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Chief wants more action on issues.

Dear Editor:

Oka. Burnt Church. Gustafson Lake. Caledonia.

Quite often when we hear about First Nations it involves another standoff or blockade. Issues and grievances that have dragged on for years escalate until desperate people take desperate measures.

We all know that there is a better way. For years and years, federal governments of all political stripes have made commitments to improve the relationship between the Crown and First Nations. Processes are announced that are supposed to help us resolve claims in a less confrontational manner. The Indian Act is portrayed as outdated, holding First Nations back, and in need of replacement.

But nothing really seems to change.

Chemawawin Cree Nation has had a specific grievance against the federal government since the 1960s when our community was moved and our old homes and lands flooded to make way for the Grand Rapids Forebay hydroelectric project. We long ago settled our grievances with the province and with Manitoba Hydro, but 40 years later our claim against the federal government has not been addressed.

We want to move forward. A settlement of our claim would help heal outstanding wounds. The compensation we receive would help us better develop our community, improving living standards and creating opportunity for our young people.

A settlement of our claim will help us achieve our goal of a renewed and positive relationship with the federal government. Also key to this new relationship is negotiating our way out of the Indian Act. If Chemawawin is to thrive in the 21st century, we need governance structures that are relevant today, not relics of the 19th century.

During the last federal election, the Conservative Party platform made a commitment to replacing the Indian Act and to resolving specific claims. The prime minister recently announced a new independent body to address specific claims. Achieving this would be a major step in the right direction and a vast improvement over the adversarial system we have right now. Chemawawin supports an independent claims process but we hope that, until it is actually established, the government will be willing to negotiate with First Nations that prefer cooperation over litigation.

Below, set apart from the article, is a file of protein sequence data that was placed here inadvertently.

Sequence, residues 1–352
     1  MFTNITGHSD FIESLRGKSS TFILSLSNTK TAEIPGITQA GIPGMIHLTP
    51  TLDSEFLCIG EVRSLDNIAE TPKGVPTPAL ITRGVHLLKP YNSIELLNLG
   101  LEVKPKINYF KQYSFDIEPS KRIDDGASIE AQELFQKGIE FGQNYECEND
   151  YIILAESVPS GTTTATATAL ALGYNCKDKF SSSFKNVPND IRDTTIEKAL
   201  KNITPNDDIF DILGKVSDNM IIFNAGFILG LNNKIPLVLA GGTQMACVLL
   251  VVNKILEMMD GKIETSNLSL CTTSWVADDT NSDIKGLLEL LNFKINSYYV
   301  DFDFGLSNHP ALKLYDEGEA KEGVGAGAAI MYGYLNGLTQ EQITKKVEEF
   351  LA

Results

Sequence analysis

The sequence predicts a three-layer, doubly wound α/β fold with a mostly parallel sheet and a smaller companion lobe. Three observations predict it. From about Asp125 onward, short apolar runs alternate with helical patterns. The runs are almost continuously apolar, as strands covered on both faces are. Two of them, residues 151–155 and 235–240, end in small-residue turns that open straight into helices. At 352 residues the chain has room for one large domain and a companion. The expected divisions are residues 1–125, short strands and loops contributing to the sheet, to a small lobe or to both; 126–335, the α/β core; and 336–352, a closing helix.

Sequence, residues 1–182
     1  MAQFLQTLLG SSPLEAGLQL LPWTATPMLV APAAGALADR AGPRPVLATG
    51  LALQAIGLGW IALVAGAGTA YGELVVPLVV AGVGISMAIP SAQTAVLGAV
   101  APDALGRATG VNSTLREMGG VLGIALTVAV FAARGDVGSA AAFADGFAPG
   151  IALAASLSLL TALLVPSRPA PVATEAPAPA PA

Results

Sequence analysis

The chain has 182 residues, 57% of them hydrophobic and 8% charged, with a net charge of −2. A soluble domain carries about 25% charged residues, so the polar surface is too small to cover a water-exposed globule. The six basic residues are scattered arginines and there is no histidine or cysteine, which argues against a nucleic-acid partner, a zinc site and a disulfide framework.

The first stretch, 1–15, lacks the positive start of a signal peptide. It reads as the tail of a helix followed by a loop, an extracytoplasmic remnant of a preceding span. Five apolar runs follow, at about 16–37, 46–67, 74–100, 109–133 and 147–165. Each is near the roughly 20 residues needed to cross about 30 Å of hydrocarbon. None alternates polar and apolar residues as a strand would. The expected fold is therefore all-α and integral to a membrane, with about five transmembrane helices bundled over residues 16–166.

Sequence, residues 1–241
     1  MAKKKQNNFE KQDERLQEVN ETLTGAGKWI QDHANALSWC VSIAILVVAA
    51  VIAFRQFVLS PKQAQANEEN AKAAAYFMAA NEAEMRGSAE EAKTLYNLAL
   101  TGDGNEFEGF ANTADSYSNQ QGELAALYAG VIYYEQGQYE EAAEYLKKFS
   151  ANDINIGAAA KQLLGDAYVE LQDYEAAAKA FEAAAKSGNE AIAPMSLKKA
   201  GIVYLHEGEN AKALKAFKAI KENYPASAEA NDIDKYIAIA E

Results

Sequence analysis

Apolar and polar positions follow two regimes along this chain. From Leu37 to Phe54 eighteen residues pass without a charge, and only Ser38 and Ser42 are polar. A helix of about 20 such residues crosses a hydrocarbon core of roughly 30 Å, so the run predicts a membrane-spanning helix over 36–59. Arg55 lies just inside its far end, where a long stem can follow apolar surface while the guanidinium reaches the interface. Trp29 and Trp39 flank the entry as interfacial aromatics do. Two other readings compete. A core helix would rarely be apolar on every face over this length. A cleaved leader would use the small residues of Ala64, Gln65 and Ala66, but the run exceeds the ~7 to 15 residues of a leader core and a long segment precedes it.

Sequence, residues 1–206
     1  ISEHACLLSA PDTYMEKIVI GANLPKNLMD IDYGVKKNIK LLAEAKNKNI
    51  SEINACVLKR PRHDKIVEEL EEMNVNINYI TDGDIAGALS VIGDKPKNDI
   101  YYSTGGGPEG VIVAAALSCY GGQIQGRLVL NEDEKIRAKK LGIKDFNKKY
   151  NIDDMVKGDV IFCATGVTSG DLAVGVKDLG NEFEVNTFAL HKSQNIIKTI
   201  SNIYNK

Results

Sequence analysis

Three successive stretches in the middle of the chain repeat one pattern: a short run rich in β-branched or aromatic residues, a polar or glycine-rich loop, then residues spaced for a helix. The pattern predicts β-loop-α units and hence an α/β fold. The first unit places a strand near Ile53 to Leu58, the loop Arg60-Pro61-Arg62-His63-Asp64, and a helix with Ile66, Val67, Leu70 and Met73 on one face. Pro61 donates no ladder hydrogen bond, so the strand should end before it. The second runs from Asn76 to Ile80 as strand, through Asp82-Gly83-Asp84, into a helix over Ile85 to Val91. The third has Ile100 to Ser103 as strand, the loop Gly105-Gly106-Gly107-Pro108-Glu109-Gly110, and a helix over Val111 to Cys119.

Since the 2006 election, Chemawawin has been seeking answers from the government on two specific issues: we want to take our specific claim out of the courts in order to seek a negotiated solution, and we want to start the process of negotiating new governance structures and a new relationship with the Crown.

We have written repeatedly to the minister of Indian Affairs and Northern Development, but we haven't received answers to our requests. We have met with and written to the HonourableVic Toews in his role as senior minister for Manitoba. He gave us a commitment in January to find out the status of our claim, and our request to negotiate instead of litigate, but we haven't heard back from him yet.

I don't know how much longer our people can remain patient. For years, we were told we couldn't enter into governance negotiations because of the Manitoba Framework Agreement. That excuse is now gone.

The new specific claims body announced by the federal government will probably take years to get up and running. In the meantime, our case is in limbo.

We don't want confrontation. We know that our best hopes for the future lie in a positive relationship with the federal government. But I can't help wondering if we're taking the wrong approach.

In June, a First Nation community threatened to blockade the main CN line; within days, the federal government made a claim settlement offer. In Caledonia, a $125 million offer was made after a long and bitter occupation of disputed land.

What are First Nations to think when elevated confrontation seems to lead to results, but years of patience and co-operation lead to nothing but silence?

The vast majority of First Nations, including Chemawawin, want to settle our grievances and move forward in a positive manner. We have made our choice.

And now the federal government needs to make a choice. Will it live up to its commitments and work together in a spirit of co-operation, or will it keep sending out the message that confrontation is the way to go?

Chief Clarence Easter

Chemawawin Cree Nation
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Title Annotation:rants and raves; Clarence Easter
Author:Easter, Clarence
Publication:Windspeaker
Geographic Code:1CANA
Date:Sep 1, 2007
Words:707
Previous Article:Facing problems the key.
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